Nebraska Cornhuskers Salivating Over Big 10 Opponents

The Nebraska Cornhuskers have a 39-6 (.867) record against current Big 10 teams since 1962, with 11 victories and only one loss since 1985 (a 40-7 blowout suffered at Penn State in 2002).

It's a Party! (DNC Chairs Not Invited)

Two former party chairmen ran for U.S. Senate seats in Indiana in the Election of 1916.

Rick Perry Cracks the Top 50

This week Texas Republican Governor Rick Perry will pass former GOP Colorado Governor John Love for 50th place on the list of the longest serving governors in U.S. history. Perry has served 3,842 days (10 years, 6 months, 8 days) since taking over for George W. Bush in December 2000....

Is It Our Turn Yet?

Almost half of the original 13 U.S. colonies have not yet produced a U.S. president to date.

Presidential Primary to Celebrate 100th Anniversary in 2012

The 2012 election cycle will mark the 100th anniversary of the nation's landmark effort to open up the once very tightly-controlled party nomination process.

The First to Resign

Democrat Anthony Weiner's (NY-09) resignation on Thursday comes 220 years, 10 months, and three days since the first congressman resigned from the nation's lower legislative chamber.

The Party of Americans?

In Monday evening's Republican presidential debate in New Hampshire, 100 references were made by the seven candidates to "America," the "United States" or the "Constitution."

The Power of Three

During and after the Civil War, when the Wisconsin Supreme Court consisted of three members, justices earned a salary ($2,500) twice of that as the governor of the Badger State ($1,250).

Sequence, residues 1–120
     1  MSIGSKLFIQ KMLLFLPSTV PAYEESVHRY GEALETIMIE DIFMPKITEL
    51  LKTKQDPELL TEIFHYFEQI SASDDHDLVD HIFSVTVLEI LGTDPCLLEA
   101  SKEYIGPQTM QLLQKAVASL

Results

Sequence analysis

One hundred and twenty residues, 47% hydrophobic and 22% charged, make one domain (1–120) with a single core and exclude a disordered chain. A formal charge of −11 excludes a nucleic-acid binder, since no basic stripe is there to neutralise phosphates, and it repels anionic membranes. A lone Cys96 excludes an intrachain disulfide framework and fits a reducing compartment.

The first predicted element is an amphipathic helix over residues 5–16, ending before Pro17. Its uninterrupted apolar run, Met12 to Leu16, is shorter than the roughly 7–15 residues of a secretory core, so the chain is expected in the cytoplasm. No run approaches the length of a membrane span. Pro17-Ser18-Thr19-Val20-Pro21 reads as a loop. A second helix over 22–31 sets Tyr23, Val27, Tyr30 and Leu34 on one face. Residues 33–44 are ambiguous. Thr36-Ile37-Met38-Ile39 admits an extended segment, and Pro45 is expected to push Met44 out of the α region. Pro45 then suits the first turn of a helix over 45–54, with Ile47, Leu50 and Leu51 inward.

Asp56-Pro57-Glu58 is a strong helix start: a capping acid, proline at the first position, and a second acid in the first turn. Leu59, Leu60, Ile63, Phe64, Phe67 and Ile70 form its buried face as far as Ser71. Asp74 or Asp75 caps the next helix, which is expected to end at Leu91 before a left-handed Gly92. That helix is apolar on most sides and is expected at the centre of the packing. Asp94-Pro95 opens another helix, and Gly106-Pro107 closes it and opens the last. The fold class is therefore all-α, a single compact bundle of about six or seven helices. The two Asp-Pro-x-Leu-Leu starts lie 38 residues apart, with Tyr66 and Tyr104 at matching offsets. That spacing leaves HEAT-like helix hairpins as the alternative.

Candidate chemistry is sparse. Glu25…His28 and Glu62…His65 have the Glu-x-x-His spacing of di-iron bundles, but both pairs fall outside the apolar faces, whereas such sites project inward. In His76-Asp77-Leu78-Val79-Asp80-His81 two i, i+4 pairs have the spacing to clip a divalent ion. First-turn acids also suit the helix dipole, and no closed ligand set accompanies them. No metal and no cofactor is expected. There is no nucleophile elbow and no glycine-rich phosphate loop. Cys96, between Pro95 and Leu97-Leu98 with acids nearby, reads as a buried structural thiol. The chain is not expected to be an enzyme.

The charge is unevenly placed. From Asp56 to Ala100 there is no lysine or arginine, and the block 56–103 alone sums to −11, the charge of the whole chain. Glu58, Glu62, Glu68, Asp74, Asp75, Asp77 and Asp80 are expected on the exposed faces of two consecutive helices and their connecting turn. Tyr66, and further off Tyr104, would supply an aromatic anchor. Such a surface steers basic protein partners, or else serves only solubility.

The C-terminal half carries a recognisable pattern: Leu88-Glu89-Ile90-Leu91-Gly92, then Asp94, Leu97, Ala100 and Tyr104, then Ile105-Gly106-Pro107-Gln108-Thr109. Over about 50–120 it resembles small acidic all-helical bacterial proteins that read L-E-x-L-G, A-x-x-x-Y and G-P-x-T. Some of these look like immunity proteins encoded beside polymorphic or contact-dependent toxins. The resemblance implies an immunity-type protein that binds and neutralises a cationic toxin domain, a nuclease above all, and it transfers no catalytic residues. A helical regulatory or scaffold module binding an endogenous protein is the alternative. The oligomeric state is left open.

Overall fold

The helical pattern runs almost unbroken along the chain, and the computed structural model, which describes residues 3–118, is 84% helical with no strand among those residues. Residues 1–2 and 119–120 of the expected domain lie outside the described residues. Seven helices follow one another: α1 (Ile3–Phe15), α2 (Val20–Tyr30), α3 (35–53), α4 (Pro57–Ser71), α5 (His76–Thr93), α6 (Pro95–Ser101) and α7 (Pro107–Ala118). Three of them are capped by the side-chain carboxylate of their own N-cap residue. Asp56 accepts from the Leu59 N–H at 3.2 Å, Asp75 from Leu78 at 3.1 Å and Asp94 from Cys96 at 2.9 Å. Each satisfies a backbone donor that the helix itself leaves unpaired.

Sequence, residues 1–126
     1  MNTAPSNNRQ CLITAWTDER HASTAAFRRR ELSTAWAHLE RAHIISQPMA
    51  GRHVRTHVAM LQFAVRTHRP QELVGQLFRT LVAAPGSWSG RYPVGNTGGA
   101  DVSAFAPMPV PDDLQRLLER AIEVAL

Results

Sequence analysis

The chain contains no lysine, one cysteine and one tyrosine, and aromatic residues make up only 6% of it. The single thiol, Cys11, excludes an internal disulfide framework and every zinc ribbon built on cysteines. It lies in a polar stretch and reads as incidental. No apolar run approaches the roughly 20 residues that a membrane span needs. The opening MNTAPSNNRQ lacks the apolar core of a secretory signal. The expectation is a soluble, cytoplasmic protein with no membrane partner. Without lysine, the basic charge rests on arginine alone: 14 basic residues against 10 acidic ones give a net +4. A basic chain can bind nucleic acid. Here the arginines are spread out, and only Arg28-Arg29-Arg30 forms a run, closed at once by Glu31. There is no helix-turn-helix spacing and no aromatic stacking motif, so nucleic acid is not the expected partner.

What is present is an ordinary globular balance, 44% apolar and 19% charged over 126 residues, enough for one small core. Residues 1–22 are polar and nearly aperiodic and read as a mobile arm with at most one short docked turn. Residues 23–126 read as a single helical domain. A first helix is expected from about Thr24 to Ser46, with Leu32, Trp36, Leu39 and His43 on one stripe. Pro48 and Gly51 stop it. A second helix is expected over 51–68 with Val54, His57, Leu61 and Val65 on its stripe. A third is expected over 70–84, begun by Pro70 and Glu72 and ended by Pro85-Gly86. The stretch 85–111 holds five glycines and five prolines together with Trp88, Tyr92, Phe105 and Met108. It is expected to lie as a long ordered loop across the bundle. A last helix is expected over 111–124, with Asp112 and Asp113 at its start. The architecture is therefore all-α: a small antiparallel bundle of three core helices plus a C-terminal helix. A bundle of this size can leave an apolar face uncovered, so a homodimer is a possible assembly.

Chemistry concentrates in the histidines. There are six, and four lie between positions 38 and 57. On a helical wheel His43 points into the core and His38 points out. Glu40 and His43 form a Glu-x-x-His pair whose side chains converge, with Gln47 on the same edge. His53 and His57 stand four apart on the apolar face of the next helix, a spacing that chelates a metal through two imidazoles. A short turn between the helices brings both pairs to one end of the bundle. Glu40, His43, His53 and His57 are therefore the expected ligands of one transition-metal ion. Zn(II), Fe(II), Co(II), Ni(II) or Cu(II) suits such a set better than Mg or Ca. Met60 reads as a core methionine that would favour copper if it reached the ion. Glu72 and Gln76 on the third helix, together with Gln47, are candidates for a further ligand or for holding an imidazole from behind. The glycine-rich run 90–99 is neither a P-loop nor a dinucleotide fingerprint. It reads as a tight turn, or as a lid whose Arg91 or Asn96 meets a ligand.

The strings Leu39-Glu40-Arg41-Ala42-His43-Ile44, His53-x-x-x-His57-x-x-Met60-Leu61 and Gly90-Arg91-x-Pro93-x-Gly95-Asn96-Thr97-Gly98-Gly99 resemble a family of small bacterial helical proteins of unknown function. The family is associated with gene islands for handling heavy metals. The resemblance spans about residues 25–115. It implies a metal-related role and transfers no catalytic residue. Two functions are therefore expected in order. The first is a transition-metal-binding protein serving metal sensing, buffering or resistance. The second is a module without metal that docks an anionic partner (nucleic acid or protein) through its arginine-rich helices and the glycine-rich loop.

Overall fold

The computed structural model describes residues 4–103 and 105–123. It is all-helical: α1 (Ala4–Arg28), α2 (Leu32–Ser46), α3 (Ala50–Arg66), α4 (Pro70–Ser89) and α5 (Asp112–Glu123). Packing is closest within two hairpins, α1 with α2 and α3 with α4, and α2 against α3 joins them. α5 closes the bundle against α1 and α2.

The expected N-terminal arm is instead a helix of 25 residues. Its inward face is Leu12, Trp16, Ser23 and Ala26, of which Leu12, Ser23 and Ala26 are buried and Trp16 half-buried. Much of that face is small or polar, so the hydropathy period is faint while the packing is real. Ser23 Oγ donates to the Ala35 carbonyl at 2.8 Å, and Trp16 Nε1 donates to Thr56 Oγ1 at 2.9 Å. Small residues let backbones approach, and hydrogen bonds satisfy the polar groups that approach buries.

Familiarity Breeds Contempt?

Republican William Stafford and Socialist Victor Berger squared off against each other 10 times in Wisconsin 5th CD U.S. House elections between 1902 and 1928.

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Political Crumbs

The Second Time Around

Former Republican Congressman Bob Beauprez became the seventh major party or second place gubernatorial candidate in Colorado to get a second chance at the office when he narrowly won his party's nomination last month. Two of the previous six candidates were successful. Democrat Alva Adams lost his first gubernatorial bid to Benjamin Eaton in 1884, but was victorious two years later against William Meyer. Democrat Charles Johnson placed third in 1894 behind Republican Albert McIntyre and Populist incumbent Governor David Waite but returned as the Fusion (Democrat/Populist) nominee in 1898 and defeated GOPer Henry Wolcott. Gubernatorial candidates who received a second chance but lost both general elections include Democrat Thomas Patterson (1888, 1914), Progressive Edward Costigan (1912, 1914), Republican Donald Brotzman (1954, 1956), and Republican David Strickland (1978, 1986).


How Are the Plurality Winners Doing?

Nearly 40 percent of plurality winners of U.S. Senate elections lose their seat in the next election cycle. Will that happen to any of the three such incumbents on the ballot in 2014? Recent polling suggests Democrats Al Franken of Minnesota, Mark Begich of Alaska, and Jeff Merkley of Oregon all currently have an advantage over their nominated/frontrunning GOP opponents, but each is flirting with plurality support once again. Franken led endorsed GOPer Mike McFadden 48 to 42 percent in a new SurveyUSA poll while the polling group showed Merkley with a 50 to 32 percent advantage over Monica Wehby. Begich led each of the three major GOP candidates in last month's PPP survey: 42 to 37 percent over Daniel Sullivan, 41 to 33 percent over Mead Treadwell, and 43 to 27 percent over Joe Miller.